Power consumption of Home Routers

I wanted to explore a bit about the power consumptions of CPEs in Belgian ISPs. This blogpost is not to be considered research-grade, it’s more a hobbyist’s peak into the power consumption of the equipment.

My main questions were: is there a significative power consumption difference between ISPs (inside consumer’s homes). And more importantly: is there a “hidden” cost behind some ISP. And finally, does the network usage impact the power consumption.

I switched ISPs 3 times in a row, and I give here a graph (taken from Home Assistant which is recording the measures from a TP-Link P110 plug) and a CSV file for the same period.


Before switching to Orange, I captured the consumption of Voo(Cable/Docsis) for a week. The amplifier and modem ensemble consumes around 20.2 watts (note the Y axis, this graph is actually a straight line).


I stayed at Orange (Cable/DOCSIS) for about 6 months. The consumption includes the mandatory amplifier and the modem in bridge mode. Note that the amplifier is the same as Voo. The Wi-Fi is deactivated. It seems some update from Orange impacted the consumption, which is now around 16.8 Watts. It is a 3 Watts improvement over Voo, which, for a year represents 26kWh, so roughly 10€ in electricity.

I have no explanation for the increase in power at the end of October (another update?). Similarly there are a few spikes in September, it could be false positives I would not make conclusions based on that. This is not related to the traffic pattern, because day-to-day it’s the same power consumption. I tried to launch a speedtest and observe the instantaneous consumption and I couldn’t spot any difference.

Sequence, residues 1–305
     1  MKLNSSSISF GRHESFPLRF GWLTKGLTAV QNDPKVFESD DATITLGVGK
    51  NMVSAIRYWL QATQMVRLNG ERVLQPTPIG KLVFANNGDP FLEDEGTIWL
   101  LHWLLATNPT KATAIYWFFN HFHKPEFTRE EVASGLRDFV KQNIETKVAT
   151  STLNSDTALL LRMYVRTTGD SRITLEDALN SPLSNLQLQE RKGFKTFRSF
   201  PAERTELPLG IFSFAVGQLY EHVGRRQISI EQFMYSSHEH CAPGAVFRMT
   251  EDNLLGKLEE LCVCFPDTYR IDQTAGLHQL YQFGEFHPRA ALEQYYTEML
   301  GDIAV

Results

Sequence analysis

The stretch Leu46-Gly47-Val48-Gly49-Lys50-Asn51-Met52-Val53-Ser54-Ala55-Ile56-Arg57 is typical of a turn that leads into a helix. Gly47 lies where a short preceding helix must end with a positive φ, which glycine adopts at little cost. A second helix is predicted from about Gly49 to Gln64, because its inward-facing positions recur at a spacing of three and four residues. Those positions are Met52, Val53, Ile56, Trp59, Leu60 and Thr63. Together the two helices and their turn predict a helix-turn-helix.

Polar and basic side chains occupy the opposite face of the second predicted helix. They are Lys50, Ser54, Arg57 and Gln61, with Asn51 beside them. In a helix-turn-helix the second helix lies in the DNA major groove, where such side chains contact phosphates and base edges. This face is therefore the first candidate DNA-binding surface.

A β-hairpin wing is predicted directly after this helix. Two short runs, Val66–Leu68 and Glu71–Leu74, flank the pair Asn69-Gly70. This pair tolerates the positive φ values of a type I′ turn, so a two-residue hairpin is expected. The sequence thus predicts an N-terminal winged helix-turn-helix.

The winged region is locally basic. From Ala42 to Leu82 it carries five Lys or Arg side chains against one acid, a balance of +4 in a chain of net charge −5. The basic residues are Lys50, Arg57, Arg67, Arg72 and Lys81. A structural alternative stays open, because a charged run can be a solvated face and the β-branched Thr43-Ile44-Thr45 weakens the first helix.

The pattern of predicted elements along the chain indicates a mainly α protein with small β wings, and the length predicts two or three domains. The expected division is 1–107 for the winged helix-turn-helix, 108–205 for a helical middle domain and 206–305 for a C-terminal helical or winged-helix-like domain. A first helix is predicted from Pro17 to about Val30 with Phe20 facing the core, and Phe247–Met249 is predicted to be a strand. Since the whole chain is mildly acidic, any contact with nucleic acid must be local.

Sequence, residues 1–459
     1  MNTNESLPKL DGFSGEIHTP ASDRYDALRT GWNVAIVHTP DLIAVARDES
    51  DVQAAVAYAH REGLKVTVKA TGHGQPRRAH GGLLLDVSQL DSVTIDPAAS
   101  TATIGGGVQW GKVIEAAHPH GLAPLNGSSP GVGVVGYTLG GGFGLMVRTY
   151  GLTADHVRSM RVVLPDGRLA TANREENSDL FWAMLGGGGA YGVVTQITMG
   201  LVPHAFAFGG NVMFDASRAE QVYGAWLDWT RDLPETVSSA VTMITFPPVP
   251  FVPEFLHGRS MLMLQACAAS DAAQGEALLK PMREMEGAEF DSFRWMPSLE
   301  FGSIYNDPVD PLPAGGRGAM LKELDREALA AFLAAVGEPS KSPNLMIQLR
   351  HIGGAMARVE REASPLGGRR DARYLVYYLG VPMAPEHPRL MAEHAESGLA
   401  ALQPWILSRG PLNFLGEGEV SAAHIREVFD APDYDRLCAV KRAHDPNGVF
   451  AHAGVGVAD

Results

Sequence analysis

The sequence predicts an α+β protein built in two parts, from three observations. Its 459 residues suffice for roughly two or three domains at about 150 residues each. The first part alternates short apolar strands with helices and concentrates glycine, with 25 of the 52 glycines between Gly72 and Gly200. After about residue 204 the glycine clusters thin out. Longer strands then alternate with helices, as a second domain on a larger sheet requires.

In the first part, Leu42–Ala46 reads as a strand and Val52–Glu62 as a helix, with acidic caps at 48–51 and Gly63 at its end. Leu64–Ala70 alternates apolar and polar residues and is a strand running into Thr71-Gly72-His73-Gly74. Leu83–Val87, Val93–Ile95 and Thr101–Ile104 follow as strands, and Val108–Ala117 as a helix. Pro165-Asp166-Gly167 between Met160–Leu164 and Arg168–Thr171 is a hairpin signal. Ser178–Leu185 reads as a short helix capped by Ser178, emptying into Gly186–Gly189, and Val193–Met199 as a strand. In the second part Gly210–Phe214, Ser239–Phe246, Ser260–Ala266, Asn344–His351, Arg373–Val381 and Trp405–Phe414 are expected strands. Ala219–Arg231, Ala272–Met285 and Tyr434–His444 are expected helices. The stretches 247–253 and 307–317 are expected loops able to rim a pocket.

Proximus Fiber

I then switched to Fiber with Proximus, as soon as I could. The connection is much faster: 500Mbps symmetrical.

The equipment is divided in two part : the ONT which “converts” the fiber to Ethernet, and then the modem that includes a switch, WiFi and telephony.

You observe 3 steps here. At the beginning I had the Modem in router mode, with Wifi activated at 8.5Watts. That’s what most people would have.

Then, the second step at 7Watts is with the Modem in Bridge mode, without WiFi. In bridge mode the modem directly give a public IP address to a single equipment connected to it. Typical for people with their own routers.

But one can go further. What I have used since February is directly the ONT at a spectacular 2,75Watts. I don’t need the modem because I don’t have fixed telephony, and don’t use WiFi in my garage. I have my own access points and want my home router anyway to handle my own ICT (I have some websites handle at home, home automation, etc).


First, the network usage does not impact the device’s power consumption. It is not surprising. All those modems are gigabit-capable or even more. The Orange allowance of my subscription is 150 Mbps, Voo was around the same. Hence, the modem is residing in its idle zone. With Proximus the ONT “rises” to 3 Watts during a speedtest instead of 2,75. It’s marginal.

The second question was the hidden cost. Proximus Fiber equipment drives as low as 8,5 Watts. That’s a 8,3 Watt reduction from Orange. That’s 73 kWh/year, at the Belgian average of 0,35€/kWh it’s roughly 25€ per year It’s not nothing, but it’s not high compared to the price of the subscription itself. If you have no use for the modem, then you gain 14Watts or 123kWh/year. That’s a more consequent 43€ saved.

73kWh is also 2% of the power consumption of the average Belgian household. Again, not nothing, but probably not the most urgent thing to do for the planet. It’s already much more than stupid “advices” like unplugging transformers of charging a smartphone on solar panels.